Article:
Josh: Tokaji is a product of Hungary.

Zac: So it’s not Japanese?

Josh: No.

Zac: Clarify that it’s my college graduation. I don’t want police showing up at the door.

Josh: I think we’re okay here. Anyway, Tokaji is a heavily concentrated dessert wine. The number of puttonyos represents how sweet it is, as in how much botrytized grape juice has been fermented in it.

Peanut Gallery 2: (interrupts) Pour the wine! *pantomimes pouring something into a glass* Iocane powder!

Josh: Well played. Let’s hope someone gets that reference.

Peanut Gallery: Looks like a trucker bomb.

Zac: Looks like plum wine. I’ve had that, you know.

Peanut Gallery 2: For once, Zac is the classy one. *sniffs* smells like pineapple and patchouli.

Zac: *swirls glass* I’m swirling the glass. I’ve seen that on TV. *sips* I don’t like it.

Peanut Gallery: Give it a couple sips.

Zac: I was expecting it to be more cloying. That’s a real word, you know.

Josh: I know. The acidity is too high for it to be cloying, but yes, that is an issue that sweet wines often have. The flavors are very different compared to the typical wines.

Zac: It still sounds Japanese to me. *tastes again* The fumes linger in the mouth.

Peanut Gallery 2: It reminds me of an apple pie.

Josh: Allspice? It would because it has a basically orchard-fruit and allspice and a syrupy sweet flavor. That’s actually a very good way to put it.

Zac: I’m not a huge fan. I would not spend my money on it.

Peanut Gallery: It’s a very dessert-y wine.

Josh: I’m a big fan of it. It’s very complex and active, even though it’s got such a high sugar content. It has a very countryside kind of flavor to it, floral and fruity, and the alcohol and acidity are potent enough to keep it from collapsing on itself. I’d give a 6 out of 10.

Zac: Stingy.

Josh: For the price tag attached, $30, I think that’s pretty fair.

Zac: But you were just talking about how big of a fan you were, and how floral it was and whatnot, and then you give it a 6? Bunk! *pounds fist on table*

Josh: Fair enough. I’ll give it a 7 out of 10.

Zac: Yes SIR. I’ll give it a 5. I have to give it a grade too.

ACT III

Moscato D'Asti

Josh: Next up is the Sant’Evasio 2008 Moscato D’Asti.

Peanut Gallery 2: *sniffs* It smells like Sweden. What? I relate smells to places.

Zac: *sniffs* How the heck does it smell like Sweden? It doesn’t smell like socialism!

Josh: Actually, that’s pretty accurate descriptor. It has the aroma of evergreen and baking spices. It has some kind of a candy kind of smell as well…

Peanut Gallery 2: It smells like Christmas candy.

Josh: Yep, that’s it.

Zac: Still smells like wine, dude.

Josh: Allright… well, have a taste. Wait, Fruity Pebbles! That’s what it smells like.

Zac and Peanut Gallery 2: It does!

Zac: *sips* That doesn’t even taste like wine! That tastes like juice. This is what you think wine tastes like when you’re a child.

Josh: No, you’re absolutely right. It’s unusual for wine, but it has a very grape-y attack.

Peanut Gallery 2: Heh heh, grape-y attack.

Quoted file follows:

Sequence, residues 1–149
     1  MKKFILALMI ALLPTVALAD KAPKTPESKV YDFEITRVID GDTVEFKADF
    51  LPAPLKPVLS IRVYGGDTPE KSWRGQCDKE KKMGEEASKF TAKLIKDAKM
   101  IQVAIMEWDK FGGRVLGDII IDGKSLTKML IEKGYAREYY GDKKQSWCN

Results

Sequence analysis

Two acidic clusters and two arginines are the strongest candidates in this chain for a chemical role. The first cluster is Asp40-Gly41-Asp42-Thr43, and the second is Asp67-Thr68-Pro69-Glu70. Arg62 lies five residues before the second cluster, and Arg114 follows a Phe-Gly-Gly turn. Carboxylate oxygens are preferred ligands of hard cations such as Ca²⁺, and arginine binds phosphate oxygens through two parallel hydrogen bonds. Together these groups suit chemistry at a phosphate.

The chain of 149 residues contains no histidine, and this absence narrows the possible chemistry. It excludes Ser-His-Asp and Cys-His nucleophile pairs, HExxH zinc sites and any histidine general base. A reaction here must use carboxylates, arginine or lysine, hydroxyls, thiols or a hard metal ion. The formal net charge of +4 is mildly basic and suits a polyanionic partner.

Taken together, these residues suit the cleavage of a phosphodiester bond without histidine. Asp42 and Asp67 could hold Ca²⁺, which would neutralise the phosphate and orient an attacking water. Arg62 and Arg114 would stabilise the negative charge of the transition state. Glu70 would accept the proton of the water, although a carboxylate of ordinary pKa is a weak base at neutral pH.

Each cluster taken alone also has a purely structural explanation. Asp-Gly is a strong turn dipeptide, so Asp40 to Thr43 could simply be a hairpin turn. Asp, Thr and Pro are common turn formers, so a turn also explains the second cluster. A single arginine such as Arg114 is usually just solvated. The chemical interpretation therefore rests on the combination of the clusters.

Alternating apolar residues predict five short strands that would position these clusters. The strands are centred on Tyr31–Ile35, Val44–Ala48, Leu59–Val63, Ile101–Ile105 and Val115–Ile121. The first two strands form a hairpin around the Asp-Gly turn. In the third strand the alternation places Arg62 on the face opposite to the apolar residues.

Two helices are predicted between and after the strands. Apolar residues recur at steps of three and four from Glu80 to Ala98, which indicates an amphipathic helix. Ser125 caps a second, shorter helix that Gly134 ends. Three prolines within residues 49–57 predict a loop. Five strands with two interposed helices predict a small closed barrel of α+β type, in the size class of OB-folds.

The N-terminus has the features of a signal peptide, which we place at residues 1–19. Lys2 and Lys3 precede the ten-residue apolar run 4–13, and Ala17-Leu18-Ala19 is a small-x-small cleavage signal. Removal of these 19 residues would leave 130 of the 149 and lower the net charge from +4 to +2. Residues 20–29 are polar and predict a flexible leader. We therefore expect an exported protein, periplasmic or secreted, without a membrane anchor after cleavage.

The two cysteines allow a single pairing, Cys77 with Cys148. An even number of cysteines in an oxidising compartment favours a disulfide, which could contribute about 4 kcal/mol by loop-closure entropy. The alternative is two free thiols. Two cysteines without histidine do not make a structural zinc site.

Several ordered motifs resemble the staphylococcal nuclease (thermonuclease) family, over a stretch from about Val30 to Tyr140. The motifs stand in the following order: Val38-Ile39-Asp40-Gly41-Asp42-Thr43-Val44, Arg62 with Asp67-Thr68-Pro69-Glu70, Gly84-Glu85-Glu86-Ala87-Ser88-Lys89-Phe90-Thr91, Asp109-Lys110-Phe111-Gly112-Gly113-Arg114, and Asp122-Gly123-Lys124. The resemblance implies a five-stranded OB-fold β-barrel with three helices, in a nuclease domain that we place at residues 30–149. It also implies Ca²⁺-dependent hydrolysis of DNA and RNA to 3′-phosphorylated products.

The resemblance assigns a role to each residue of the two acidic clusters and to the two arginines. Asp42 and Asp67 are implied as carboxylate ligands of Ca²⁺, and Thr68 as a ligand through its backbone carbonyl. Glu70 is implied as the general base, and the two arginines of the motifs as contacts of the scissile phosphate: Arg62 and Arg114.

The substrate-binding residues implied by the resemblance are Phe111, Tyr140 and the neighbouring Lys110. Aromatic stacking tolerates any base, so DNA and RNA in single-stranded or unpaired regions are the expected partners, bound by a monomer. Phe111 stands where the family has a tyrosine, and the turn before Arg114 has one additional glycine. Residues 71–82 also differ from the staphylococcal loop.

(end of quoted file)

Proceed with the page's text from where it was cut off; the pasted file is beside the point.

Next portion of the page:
Josh: Attack is what you call the first flavors that present themselves in a wine.

Zac: This is my favorite wine I’ve ever had. This is getting 10s, buddy. Wait, we’re not there yet.

Josh: There’s something a little bacterial about the flavor, and mixed with the potent fruit notes and incredible sweetness, it tastes like peach yogurt to me.

Peanut Gallery 2: But I don’t like peach yogurt. Maybe blueberry yogurt? *sips* …it DOES taste like peach yogurt!

Zac: I get the yogurty flavor because it tastes fermented but gently. It tastes like there was care with how that fermented flavor was introduced.

Josh: The acidity is great, especially compared to the considerable sweetness. It carries along on a long peach finish. With the great fruity, bready flavors and nose and fantastic balance, at $20 per bottle, I’m giving it a 7 out of 10.

Zac: 9. Out of 10. And the only reason I’m not giving it a 10 is I want to leave something better to search for.

ACT IV

Josh: Last up is the Shargren NV Sparkling Shiraz. After the two dessert wines and sparkling white, this might be a little jarring.

Zac: *sniffs* I smell red wine, which I’m never a fan of.

Josh: I think you might actually be surprised at the flavor you get from it. I’m smelling a very distinct lingonberry here.

Zac: *sip* Nope! Not a fan.

Peanut Gallery 2: It’s really bland. It smells and tastes like meat.

Josh: I can see where you’d get that. Some Shiraz has a tendency to exhibit a meaty-like aroma. It also has a spicy red wine marinade kind of quality to it. Acidity is a bit high, and it’s got a heavy red-fruit flavor. I actually kind of like it. Real quick. Snap rating?

Zac: For a red? 6… as far as how much I liked it and how much I’d drink it again? 2.

Josh: I’d probably give it a 5 out of 10. It’s fairly bland, I agree, and there’s not too much to the flavor, but for how bad a $10 Shiraz CAN go, it’s got some good character to it. Zac?

–END OF TRANSMISSION– (Zac wandered off, distracted by strawberry pie and Chelsea Hightower on Dancing with the Stars)

How Virginia Does It: Viognier from the Piedmont

The Back Story:

It’s been awhile since I’ve reviewed a Virginia wine. Through no fault of my own, I’ve recently turned my attentions east, towards the Tokajis, Grüner Vetliners, and Gewürztraminers of the world. It wasn’t too long, though, before my attention wandered back to local fare. Thus, I picked up a Virginia wine on one of my recent wine shopping trips: The Horton Vineyards 2008 Tower Series Viognier.

Because what actually happened was rather dull, allow me to utilize the age-old writer’s device known as creative embellishment, and to point out that the unnamed wine shop villainized as such below is decidedly not evil in real life:

*cue the string quartet*

Scene: Caroline of the North Empire’s Wine Fortress. Year unknown.

Our hero, the wine explorer, nameless, approaches the imposing storefront. Glowing, blood-red letters embellished with a cluster of insidious grapes materialize in the air before the building, swelling a lump in his throat and beating him down to his knees. Give in, give in. The unreadable glyphs pierce his mind, forcing him to gaze into them one by one, each one sapping more of his energy.